Oklahoma Indian Legal Services providing legal representation, advice amidst pandemic
Oklahoma Indian Legal Services is still providing legal representation and advice during the COVID-19 pandemic with help being a phone call away. COURTESY
In this pre-pandemic photo, Oklahoma Indian Legal Services attorney and Cherokee Nation citizen Mary Beth Williams helps an elderly Native American woman. Williams works on an eight-attorney team and is one of two CN citizens serving. COURTESY
Pictured are Oklahoma Indian Legal Services attorney and Cherokee Nation citizen Kace Rodwell, left, and OILS Executive Director Stephanie Hudson OILS provides legal representation and advice to Native Americans. COURTESY
OKLAHOMA CITY – Even during the COVID-19 pandemic, Oklahoma Indian Legal Services is serving Native Americans in Oklahoma though legal representation, advice or pointing individuals in the right direction for their legal needs.
OILS Executive Director and Kiowa Tribe citizen Stephanie Hudson said there are numerous citizens in the Cherokee Nation who are experiencing unemployment and evictions, and to not let the pandemic stop them from seeking legal help.
“OILS is still providing full services to tribal members who are experiencing legal issues that are related to their status as a Native American,” she said. “If we can point them in the right direction or give them some advice or assist them right now, we will do that. If we can’t provide the answer we will connect them with Legal Aid Services of Oklahoma, who is doing a tremendous job assisting people with unemployment and evection issues right now.”
While OILS is seeing a lot of unemployment and eviction cases, Hudson said there has been a large increase in families having issues related to divorce, custody and visitation rights.
“What we’re trying to do in those situations is have an attorney who can talk with them and provide them some advice over the telephone and maybe even be able to provide paperwork,” she said.
Hudson said OILS helps tribal citizens who meet federal poverty guidelines, which she said “a lot” do. “If an elder is trying to make a living off of their Social Security income, usually they’ll meet our income guidelines. Families who have children, quite often they will meet our guidelines.”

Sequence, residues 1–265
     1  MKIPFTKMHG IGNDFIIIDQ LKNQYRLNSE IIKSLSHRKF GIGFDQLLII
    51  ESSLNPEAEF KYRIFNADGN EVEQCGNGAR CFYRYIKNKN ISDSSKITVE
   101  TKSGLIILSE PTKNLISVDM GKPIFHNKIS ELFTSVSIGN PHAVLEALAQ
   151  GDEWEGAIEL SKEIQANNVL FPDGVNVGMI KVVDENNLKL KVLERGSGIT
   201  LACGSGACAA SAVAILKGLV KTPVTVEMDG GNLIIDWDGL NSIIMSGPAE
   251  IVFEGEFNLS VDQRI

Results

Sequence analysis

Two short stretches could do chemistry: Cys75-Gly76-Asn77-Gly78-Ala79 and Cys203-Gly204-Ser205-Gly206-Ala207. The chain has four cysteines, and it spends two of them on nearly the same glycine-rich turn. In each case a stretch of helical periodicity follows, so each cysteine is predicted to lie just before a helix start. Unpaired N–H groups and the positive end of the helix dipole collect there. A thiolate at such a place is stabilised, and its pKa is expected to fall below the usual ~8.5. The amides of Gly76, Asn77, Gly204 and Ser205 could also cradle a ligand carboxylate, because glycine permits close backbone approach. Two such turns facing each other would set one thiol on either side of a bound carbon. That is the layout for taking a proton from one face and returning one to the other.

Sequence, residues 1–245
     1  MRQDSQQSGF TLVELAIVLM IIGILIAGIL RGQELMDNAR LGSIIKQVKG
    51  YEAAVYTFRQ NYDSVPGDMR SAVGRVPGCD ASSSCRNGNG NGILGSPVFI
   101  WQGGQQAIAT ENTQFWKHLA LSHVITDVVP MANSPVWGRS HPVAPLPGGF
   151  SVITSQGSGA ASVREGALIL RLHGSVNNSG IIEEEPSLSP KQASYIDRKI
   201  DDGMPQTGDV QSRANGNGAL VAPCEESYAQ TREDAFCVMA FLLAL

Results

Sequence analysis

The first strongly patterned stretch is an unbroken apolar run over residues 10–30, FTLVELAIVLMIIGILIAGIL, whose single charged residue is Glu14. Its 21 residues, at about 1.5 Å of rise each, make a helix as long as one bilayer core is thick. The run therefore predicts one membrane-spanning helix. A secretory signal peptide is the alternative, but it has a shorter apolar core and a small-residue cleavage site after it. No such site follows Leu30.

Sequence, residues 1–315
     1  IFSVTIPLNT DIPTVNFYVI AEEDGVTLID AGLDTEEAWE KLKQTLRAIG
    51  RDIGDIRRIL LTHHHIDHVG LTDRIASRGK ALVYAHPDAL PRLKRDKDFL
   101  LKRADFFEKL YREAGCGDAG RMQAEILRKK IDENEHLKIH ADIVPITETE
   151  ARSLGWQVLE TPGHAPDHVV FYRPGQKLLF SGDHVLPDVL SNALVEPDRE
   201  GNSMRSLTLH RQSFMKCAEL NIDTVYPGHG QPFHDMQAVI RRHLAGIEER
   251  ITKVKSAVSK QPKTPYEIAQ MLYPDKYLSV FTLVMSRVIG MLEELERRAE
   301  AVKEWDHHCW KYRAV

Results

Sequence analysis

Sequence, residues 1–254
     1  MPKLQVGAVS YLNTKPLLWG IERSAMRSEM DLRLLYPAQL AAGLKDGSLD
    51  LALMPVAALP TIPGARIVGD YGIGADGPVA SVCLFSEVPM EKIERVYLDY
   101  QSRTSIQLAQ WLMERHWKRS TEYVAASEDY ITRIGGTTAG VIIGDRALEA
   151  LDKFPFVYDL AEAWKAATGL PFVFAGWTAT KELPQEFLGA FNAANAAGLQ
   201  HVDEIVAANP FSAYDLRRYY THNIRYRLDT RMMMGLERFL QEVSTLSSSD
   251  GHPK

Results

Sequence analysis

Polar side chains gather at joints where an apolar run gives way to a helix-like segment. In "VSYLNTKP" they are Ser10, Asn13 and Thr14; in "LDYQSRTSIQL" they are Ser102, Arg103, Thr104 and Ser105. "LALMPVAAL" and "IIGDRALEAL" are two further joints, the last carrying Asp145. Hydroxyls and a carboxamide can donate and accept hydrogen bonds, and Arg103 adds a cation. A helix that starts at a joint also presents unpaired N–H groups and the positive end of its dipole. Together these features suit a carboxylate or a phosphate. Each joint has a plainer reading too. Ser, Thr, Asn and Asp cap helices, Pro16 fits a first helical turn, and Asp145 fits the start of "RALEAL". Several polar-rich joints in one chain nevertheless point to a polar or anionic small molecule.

Hudson said OILS annually assists nearly 1,000 people with some form of representation. However, she said its reach is “several thousand” annually due to education and outreach.
“We’re probably reaching several thousand people per year in terms of educating them about the law, educating them about their rights, providing some type of assistance in terms of how to learn what their rights are in terms of the Indian Child Welfare Act,” she said. “We even educate youth in…how to deal with police stops if our young, brown gentlemen or ladies are stopped by police.”
Hudson said she believes what OILS does is important because without the organization Indian law issues would “fall through the cracks.”
“We (Native Americans) are (approximately) 10% of the population in the state of Oklahoma, but unless somebody is talking about a casino or something like that we don’t appear on news stories unless it’s with a tribal news story like (the Cherokee Phoenix),” she said. “Our issues that are affecting us like the Indian Child Welfare Act, our children not being cared for in the system properly, that falls through the cracks. Tribal land owners, they experience a great deal of issues trying to just manage their land because of the bureaucracy that exists from the Bureau of Indian Affairs, from the Department of Interior. Our organization is a resource when people are experiencing those issues that happen because they’re an Indian.”
OILS has two CN citizens on its eight-person attorney staff. Hudson said not all of the attorneys are Native but they have “a lot of experience in federal Indian law and tribal law.”
“All of them practice in the tribal courts around the state and we are active in the Cherokee Nation Tribal Courts and several of our attorneys are members of the Cherokee Nation Bar Association,” she said.
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